4 May 2011

Oldbury planned shut-down will mean radioactive releases

Here is the press release that local press seem to have ignored...

The latest Site Stakeholder Group meeting at Oldbury power-station on 20th April was told of a planned shutdown to reactor 1, on the tenth of May 2011, which will mean the release of carbon dioxide which is used to cool the core of the reactor. This will contain radioactive gases, such as tritium (radioactive hydrogen), argon, krypton and zenon, as well as radioactive carbon 14. These shutdowns occur regularly twice a year, in order to inspect the core of the reactor and make sure that it is still safe.

Photo: click to enlarge

Stroud is 16 miles downwind from Oldbury and so, given prevailing wind directions, is likely to be impacted by the release from the station. The effects will be more serious if there is rainfall on or just after 10th May.

Angela Paine, who attends the stakeholder meetings on behalf of Stroud Green Party commented: ‘Phil Sprague, the new Oldbury site manager took great pains to reassure the local public that the sort of accident which occurred at Fukushima could never happen at Oldbury, since it was a different reactor design. However, his remarks might have been more meaningful if he had compared Oldbury to Chernobyl, which also had a graphite core, like that of Oldbury nuclear power station. The extreme age (42 years) and fragility of the Oldbury graphite core are a cause of grave concern. While it is a relief that a final date for the closure of Oldbury has now been announced, we are disappointed that once again its life has been extended beyond what is safe, this time from July to December 2012, when it was due to close in 2008.’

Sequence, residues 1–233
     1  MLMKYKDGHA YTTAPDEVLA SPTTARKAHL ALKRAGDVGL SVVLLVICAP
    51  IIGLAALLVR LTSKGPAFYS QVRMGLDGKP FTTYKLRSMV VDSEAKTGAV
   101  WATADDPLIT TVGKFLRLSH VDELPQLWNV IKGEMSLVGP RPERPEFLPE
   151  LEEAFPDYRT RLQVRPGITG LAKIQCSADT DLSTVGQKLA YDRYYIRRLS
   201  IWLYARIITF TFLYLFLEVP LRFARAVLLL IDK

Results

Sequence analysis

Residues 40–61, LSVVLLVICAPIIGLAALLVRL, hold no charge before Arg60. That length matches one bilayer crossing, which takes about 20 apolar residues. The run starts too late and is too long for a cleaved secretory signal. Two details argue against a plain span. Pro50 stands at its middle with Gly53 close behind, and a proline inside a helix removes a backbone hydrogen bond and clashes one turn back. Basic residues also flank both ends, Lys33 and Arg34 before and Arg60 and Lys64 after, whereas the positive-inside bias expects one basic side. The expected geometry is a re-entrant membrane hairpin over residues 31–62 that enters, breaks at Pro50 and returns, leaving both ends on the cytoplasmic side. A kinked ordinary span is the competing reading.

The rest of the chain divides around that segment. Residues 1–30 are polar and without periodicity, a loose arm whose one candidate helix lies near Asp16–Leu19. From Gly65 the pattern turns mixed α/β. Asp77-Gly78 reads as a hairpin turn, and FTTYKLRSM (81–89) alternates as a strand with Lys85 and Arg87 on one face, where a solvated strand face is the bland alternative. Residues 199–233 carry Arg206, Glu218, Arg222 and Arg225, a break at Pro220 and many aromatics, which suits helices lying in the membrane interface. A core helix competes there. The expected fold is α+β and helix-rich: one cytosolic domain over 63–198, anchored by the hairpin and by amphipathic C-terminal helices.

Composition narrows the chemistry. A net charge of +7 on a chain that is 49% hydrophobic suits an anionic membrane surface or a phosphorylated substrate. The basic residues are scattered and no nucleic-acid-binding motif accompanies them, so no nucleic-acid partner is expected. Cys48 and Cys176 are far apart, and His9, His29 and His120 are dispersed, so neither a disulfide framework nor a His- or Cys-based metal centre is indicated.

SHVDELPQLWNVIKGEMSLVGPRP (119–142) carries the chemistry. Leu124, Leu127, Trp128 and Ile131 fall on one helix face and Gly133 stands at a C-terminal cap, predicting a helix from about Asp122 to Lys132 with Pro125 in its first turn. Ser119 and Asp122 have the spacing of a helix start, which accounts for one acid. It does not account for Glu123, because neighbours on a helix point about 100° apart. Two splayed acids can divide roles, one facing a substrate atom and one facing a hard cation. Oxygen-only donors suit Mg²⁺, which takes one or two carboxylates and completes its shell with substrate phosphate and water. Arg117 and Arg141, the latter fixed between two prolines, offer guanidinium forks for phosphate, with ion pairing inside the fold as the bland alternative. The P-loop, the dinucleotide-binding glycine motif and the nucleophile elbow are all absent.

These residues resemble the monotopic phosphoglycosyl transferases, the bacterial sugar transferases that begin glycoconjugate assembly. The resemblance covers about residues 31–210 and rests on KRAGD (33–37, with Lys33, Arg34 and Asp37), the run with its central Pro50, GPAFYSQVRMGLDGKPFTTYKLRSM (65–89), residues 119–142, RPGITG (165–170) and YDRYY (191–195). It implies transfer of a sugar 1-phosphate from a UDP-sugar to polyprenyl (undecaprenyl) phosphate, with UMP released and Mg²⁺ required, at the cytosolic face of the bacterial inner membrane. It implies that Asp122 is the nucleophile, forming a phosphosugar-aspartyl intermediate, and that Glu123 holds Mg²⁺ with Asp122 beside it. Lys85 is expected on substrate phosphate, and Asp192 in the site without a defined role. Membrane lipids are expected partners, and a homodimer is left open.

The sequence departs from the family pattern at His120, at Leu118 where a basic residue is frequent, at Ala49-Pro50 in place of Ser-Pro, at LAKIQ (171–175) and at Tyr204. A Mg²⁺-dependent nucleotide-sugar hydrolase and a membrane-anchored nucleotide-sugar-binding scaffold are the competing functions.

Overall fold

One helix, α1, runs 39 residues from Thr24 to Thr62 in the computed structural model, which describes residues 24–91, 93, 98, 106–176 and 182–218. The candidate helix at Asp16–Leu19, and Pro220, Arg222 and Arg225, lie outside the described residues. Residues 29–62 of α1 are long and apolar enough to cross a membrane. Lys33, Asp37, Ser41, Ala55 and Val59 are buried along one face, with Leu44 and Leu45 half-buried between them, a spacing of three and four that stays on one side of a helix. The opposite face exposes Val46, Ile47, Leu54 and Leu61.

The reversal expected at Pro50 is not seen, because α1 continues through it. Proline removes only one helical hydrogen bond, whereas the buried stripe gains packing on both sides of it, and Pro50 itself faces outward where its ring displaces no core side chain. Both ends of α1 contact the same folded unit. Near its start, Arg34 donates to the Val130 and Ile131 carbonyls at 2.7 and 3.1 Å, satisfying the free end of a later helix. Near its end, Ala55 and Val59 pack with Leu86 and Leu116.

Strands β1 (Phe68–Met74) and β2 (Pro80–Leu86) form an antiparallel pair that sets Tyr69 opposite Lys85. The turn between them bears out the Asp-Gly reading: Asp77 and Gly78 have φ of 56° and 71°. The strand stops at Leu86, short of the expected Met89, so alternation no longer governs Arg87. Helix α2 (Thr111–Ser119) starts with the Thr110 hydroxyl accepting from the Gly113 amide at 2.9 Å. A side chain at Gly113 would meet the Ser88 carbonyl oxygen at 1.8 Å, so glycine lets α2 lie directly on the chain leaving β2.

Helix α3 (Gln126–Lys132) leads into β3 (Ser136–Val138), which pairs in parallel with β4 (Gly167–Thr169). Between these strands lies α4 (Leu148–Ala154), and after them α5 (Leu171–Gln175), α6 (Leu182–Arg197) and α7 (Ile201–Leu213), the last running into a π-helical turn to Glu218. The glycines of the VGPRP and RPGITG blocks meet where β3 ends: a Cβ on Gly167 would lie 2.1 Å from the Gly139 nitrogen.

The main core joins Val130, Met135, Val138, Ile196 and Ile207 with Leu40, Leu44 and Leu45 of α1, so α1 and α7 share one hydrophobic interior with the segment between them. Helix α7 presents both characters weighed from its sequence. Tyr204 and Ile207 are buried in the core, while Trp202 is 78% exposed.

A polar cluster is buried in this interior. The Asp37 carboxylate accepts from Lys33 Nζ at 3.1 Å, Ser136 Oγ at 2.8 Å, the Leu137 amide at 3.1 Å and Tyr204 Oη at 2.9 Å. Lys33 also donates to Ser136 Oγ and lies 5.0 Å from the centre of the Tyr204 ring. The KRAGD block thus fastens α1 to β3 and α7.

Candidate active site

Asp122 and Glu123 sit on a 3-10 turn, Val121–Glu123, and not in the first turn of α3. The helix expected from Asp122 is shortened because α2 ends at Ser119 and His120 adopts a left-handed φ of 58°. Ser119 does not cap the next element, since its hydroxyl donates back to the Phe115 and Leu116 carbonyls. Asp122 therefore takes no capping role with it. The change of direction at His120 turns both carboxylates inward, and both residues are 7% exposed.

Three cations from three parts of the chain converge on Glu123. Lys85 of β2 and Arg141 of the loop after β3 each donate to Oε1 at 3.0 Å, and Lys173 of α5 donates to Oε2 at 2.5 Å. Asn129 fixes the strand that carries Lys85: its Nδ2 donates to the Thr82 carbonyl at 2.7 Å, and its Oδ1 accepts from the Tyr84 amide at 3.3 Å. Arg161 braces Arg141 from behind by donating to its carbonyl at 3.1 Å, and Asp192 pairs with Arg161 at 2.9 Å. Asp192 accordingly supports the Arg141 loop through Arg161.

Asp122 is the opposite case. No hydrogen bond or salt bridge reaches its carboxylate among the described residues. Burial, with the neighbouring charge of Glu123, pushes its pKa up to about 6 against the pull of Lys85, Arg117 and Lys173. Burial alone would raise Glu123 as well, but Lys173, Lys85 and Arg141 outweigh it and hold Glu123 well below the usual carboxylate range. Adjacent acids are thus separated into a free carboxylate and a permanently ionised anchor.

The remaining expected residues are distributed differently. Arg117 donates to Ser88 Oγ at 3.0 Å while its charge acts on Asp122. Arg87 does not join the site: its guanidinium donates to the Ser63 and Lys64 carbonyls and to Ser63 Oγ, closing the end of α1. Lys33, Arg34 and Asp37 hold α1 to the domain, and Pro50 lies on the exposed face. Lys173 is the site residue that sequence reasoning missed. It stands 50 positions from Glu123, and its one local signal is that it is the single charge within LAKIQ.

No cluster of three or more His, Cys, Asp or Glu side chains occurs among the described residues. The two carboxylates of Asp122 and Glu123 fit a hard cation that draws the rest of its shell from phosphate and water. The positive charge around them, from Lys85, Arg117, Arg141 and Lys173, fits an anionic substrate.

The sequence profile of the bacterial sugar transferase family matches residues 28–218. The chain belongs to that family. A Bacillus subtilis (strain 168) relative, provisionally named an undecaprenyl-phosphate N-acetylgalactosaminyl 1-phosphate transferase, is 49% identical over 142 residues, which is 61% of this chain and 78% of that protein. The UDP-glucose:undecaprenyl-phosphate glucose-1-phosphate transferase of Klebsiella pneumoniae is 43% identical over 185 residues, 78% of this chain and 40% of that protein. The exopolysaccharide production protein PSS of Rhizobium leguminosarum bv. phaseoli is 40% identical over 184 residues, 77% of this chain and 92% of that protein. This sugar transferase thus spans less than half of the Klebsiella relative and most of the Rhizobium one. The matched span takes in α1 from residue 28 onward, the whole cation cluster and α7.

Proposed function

The Green Party is the only political party that is opposed to nuclear power. Stroud Green Party opposes the building of further reactors on the Oldbury site (i). A report it commissioned last year indicated that vulnerability of population centres in the Stroud valleys to releases from Oldbury either during planned shutdowns or as a result of catastrophic accidents. It would take such contamination only around 1 hour and 20 minutes to reach the centre of Stroud (see the map and table above).

(i) Gaian Economics (2010), The Right to Know: Oldbury Nuclear Expansion and Your Safety – the risks to the people of Gloucestershire (Stroud: Gaian Economics). See report here.


Anonymous said...

Analysts UBS AG say the Fukushima disaster is likely to hurt the nuclear power
industry‘s credibility more than Chernobyl which: ―affected one reactor in a totalitarian state with no
safety culture‖.

On the other hand: ―At Fukushima, four reactors have been out of control for weeks --
casting doubt on whether even an advanced economy can master nuclear safety.‖
Some experts believe the Fukushima crisis is more serious than Chernobyl because: "It's graver than
Chernobyl in that no one can predict how the situation will develop," said Atsushi Kasai, a former
senior researcher with the Japan Atomic Energy Research Institute.

Philip Booth said...

The vast majority of people in Britain do not want new nuclear power stations. In a Populus poll for the Financial Times (FT) conducted between April 21st and April 25th, in answer to the question "Would you be cross if a new generation of nuclear power stations in the UK was to go ahead?" 89% said yes and only 11% said no